Recessions are scary, so you may be wondering how to recession-proof your business. While there is no surefire method, there are some steps you can take to help your business fare better during the next recession.

Increase Cash Holdings

One way you can recession-proof your business is to improve your business portfolio by increasing cash holdings. Asset diversification, along with a long investment timeline, helps protect your business during a recession. Cash holdings allow for quick and easy access to liquidity during crashing stock markets.

Avoid Debt and Tapping into Your Reserve

If possible, avoid debt and refrain from tapping into your reserve by paying as you go. Even if you can increase your cash holdings, you also need to be able to connect all business expenses to coordinating sales.

For example, if you need to purchase a new piece of equipment, you should try to pay for the equipment with the revenue generated from sales during the same period.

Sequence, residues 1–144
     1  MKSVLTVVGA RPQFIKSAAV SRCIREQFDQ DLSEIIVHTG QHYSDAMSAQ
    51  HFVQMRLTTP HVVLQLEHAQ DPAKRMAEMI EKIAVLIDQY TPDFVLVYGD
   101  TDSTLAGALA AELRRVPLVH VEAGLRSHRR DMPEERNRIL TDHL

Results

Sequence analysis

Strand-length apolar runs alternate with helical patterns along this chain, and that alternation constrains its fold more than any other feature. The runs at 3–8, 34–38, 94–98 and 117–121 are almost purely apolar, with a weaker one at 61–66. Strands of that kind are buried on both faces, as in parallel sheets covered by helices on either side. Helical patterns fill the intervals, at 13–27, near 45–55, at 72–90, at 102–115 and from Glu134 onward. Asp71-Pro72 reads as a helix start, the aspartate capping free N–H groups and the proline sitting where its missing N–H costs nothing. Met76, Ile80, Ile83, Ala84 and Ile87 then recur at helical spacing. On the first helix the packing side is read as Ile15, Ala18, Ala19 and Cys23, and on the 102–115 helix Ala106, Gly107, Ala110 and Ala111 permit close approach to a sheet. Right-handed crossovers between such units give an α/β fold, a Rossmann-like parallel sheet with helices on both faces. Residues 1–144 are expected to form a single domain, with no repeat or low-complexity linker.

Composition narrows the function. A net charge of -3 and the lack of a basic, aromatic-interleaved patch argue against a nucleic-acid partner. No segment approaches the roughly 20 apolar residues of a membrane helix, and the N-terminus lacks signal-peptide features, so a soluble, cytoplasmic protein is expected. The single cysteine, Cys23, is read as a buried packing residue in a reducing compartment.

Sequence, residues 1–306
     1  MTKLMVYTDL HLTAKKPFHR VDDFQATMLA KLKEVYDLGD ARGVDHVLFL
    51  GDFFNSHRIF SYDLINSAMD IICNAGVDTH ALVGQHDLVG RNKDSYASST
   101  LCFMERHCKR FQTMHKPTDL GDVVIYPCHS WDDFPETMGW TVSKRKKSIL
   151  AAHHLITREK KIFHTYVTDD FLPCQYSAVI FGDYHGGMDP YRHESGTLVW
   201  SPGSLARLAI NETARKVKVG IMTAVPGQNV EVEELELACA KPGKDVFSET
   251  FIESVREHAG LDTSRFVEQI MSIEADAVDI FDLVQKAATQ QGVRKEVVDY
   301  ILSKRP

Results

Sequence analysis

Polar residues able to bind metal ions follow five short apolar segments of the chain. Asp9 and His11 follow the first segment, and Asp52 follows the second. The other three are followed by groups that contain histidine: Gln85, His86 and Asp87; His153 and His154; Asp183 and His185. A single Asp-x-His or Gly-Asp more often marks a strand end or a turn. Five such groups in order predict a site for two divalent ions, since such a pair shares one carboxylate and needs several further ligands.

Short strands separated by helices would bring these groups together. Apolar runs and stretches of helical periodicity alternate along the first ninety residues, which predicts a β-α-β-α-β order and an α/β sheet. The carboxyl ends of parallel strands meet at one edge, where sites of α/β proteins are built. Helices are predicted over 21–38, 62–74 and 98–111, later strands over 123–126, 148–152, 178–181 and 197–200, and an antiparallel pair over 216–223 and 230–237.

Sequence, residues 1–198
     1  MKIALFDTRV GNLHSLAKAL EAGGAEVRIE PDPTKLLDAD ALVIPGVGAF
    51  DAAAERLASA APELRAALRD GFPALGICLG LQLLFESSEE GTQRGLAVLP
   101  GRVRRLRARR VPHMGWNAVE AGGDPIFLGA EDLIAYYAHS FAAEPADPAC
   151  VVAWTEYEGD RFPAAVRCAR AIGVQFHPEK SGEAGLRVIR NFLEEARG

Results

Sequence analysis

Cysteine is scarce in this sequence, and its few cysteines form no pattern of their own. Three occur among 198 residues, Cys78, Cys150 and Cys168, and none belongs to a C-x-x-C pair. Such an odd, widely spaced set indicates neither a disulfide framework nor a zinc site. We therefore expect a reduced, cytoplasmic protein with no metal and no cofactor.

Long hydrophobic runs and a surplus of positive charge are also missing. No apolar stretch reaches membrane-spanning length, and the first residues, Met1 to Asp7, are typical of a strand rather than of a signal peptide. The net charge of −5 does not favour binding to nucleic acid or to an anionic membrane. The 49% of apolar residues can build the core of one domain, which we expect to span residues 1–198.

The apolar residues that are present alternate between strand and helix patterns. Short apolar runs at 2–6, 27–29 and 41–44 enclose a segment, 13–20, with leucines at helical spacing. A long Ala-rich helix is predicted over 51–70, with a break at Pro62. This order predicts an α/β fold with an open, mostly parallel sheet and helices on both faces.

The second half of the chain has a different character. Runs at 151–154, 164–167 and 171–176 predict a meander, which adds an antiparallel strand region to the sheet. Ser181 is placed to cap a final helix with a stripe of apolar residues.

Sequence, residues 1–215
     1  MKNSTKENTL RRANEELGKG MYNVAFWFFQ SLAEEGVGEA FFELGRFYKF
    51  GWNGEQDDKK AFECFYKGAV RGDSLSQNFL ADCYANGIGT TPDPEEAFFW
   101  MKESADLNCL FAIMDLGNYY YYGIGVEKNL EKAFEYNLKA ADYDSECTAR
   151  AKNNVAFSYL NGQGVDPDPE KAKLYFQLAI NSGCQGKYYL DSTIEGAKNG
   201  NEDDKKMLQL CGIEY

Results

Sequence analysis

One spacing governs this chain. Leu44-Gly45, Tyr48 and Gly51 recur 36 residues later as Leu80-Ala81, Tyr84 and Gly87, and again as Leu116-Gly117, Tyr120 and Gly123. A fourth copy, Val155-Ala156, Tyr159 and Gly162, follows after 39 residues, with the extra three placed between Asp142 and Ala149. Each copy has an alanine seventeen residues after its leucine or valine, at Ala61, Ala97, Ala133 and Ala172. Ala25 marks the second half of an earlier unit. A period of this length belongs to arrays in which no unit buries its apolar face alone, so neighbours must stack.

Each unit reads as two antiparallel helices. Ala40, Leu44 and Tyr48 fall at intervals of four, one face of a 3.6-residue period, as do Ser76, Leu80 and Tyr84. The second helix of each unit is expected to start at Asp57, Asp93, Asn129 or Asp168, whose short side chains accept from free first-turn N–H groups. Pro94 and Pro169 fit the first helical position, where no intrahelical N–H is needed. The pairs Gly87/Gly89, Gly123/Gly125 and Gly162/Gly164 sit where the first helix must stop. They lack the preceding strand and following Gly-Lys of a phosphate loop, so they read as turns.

Invest in a Healthy Marketing Strategy

Investing in marketing might not save you money, but it can help keep your business healthy throughout a recession. When you invest in strategic marketing methods, you acquire new customers, which can offset customers lost due to economic decline.

Focus on Customer Service

Customer service is one of the best ways to create long-term stability for your business. The better your customer service, the more likely you will get repeat sales.

Usually, getting new customers costs more than retaining current customers. Make sure your team is armed with the training and resources needed to provide the best possible customer service.

Clean Up Accounts Receivable